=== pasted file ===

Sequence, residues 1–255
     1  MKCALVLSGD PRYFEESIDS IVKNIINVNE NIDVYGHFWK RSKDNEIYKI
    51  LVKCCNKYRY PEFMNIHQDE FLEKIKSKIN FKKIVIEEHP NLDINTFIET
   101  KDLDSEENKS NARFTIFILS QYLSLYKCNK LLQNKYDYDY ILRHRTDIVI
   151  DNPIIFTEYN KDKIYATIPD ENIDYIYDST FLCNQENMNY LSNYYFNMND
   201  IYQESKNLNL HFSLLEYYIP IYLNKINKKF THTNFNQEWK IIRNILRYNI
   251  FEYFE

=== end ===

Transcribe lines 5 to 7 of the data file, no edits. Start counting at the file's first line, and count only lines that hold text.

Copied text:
   151  DNPIIFTEYN KDKIYATIPD ENIDYIYDST FLCNQENMNY LSNYYFNMND
   201  IYQESKNLNL HFSLLEYYIP IYLNKINKKF THTNFNQEWK IIRNILRYNI
   251  FEYFE